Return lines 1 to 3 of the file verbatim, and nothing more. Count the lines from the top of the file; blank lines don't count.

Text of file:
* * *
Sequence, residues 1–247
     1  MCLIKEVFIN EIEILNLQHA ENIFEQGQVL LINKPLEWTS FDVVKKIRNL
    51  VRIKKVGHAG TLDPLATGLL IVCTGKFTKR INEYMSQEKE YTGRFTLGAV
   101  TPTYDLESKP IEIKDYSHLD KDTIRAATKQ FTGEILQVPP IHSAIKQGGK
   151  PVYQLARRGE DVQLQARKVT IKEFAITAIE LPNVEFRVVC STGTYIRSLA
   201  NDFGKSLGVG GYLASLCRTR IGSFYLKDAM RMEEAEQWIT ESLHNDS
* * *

Sequence, residues 1–247
     1  MCLIKEVFIN EIEILNLQHA ENIFEQGQVL LINKPLEWTS FDVVKKIRNL
    51  VRIKKVGHAG TLDPLATGLL IVCTGKFTKR INEYMSQEKE YTGRFTLGAV